This four-year project will consist of a preliminary design phase, a detailed design phase, a fabrication phase, and a test and characterization phase. The project should lead to a processor behavioral model, prototype processors, processor evaluation boards, and system software.
A key goal for the HPSC project is the ability to trade dynamically between processing throughput, power consumption, and fault tolerance. The HPSC processor architecture sometimes will be inside a dedicated spaceflight computer, and sometimes may be embedded in a science instrument or spaceflight subsystem.
Next Generation Space Processor (NGSP) study
Collaborative discussions with the Air Force Research Laboratory (AFRL) determined that many of NASA’s future onboard computing needs have commonality with the USAF’s future needs, and that a radiation-hardened, general purpose multi-core processor of the kind envisioned by NASA would also be relevant to the USAF.
Based on these shared interests, NASA partnered with AFRL on a Next Generation Space Processor (NGSP) study. This study, led by AFRL, engaged industry to assess, in greater detail, USAF’s requirements, compare USAF’s requirements with NASA’s previously defined detailed requirements, 3 develop processor architectures that would satisfy the superset of NASA/USAF requirements and evaluate these architectures against a set of government provided benchmarks.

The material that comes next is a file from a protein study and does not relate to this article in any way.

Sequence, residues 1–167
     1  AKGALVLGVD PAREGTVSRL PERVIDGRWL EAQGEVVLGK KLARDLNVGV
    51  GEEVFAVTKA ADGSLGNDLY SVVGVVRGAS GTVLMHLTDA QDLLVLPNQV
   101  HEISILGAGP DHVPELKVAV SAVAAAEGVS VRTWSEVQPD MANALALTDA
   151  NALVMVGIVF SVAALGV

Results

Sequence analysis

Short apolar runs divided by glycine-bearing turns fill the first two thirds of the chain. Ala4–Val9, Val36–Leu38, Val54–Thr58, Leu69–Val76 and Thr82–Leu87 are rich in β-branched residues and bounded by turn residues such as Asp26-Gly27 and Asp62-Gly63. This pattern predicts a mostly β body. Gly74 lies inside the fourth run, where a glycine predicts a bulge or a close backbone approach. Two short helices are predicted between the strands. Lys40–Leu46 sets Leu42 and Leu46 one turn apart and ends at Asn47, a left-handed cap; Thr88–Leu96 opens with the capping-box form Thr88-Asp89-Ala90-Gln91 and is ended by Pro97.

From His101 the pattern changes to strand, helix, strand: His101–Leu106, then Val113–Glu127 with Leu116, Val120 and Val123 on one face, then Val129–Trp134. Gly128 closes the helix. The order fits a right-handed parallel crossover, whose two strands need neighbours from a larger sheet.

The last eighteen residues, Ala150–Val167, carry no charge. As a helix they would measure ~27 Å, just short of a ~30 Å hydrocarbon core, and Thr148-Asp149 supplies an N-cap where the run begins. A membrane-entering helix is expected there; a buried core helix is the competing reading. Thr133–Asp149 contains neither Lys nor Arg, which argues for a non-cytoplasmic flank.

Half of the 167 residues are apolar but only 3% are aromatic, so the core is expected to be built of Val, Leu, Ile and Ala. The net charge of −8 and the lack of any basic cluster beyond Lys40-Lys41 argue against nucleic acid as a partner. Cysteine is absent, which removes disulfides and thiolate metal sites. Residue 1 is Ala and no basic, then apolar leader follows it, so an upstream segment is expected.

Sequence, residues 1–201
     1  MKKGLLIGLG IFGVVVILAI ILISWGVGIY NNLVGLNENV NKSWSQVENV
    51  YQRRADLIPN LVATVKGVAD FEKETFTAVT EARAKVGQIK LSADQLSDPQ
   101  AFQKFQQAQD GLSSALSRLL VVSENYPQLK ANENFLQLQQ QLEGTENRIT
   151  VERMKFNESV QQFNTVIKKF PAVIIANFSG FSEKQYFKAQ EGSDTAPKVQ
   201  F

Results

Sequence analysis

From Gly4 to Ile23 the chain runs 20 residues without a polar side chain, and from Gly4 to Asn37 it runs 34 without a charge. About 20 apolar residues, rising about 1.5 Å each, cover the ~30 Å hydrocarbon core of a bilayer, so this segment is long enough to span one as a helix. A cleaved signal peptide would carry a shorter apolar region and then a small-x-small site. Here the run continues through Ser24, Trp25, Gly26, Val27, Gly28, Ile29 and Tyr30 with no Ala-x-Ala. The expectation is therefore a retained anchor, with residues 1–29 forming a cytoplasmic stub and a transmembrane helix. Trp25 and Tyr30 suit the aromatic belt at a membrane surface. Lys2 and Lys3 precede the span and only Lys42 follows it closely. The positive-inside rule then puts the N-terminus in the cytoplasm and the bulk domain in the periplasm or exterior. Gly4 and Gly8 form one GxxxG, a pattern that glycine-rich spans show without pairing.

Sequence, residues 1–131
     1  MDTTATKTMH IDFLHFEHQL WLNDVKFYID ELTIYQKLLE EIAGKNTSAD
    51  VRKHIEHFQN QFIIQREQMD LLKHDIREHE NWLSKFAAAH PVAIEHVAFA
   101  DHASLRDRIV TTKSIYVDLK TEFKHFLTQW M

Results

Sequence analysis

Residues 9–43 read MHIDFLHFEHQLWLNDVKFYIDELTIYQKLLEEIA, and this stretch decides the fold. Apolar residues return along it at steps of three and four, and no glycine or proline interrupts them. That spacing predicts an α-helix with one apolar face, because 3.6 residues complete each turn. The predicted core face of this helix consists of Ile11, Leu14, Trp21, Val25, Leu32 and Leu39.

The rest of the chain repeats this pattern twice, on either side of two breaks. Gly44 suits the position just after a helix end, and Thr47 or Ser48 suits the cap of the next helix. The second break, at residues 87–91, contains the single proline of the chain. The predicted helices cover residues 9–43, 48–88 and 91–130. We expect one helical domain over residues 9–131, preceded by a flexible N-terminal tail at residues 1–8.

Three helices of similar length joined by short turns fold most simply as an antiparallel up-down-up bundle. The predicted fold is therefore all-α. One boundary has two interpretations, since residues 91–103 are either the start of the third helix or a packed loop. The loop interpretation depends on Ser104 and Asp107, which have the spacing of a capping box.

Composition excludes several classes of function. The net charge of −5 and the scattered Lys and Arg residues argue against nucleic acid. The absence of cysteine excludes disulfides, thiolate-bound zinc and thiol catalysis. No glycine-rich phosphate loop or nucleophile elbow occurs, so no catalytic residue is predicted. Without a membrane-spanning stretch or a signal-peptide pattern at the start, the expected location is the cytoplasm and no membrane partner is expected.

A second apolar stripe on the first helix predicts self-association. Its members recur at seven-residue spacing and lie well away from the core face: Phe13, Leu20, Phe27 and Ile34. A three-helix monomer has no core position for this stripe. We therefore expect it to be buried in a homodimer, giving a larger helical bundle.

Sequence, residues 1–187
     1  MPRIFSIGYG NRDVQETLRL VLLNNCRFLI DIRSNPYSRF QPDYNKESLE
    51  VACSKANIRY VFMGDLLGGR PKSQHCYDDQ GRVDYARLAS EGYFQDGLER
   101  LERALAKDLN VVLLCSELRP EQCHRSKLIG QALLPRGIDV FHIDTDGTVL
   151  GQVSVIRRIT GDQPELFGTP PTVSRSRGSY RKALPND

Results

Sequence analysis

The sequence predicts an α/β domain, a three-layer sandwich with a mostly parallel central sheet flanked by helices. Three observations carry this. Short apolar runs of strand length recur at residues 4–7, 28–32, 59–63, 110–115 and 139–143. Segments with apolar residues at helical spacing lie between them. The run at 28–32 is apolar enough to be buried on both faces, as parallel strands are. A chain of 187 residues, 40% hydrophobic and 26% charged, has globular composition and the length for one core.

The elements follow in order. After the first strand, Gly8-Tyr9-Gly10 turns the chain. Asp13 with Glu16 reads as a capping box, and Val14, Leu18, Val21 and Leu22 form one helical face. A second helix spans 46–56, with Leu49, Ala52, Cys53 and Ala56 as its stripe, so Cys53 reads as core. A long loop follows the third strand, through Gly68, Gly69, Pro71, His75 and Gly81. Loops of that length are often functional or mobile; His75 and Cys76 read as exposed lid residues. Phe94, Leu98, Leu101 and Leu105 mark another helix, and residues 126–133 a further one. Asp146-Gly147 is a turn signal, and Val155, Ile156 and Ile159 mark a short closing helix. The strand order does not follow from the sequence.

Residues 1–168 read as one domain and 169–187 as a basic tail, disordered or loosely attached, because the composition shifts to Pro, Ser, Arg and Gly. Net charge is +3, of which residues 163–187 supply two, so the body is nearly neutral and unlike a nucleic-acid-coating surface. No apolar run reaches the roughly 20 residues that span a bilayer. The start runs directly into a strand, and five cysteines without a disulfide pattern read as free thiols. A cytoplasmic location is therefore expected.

The NGSP study provided the government team valuable guidance regarding the optimal architecture for a future spaceflight processing device:
– The use of COTS IP (specifically ARM based IP) provides optimal power-to performance, extensibility, evolvability, software availability, ease of use, and cost.
– The use of Radiation Hard By Design (RHBD) standard cell libraries provides required radiation tolerance.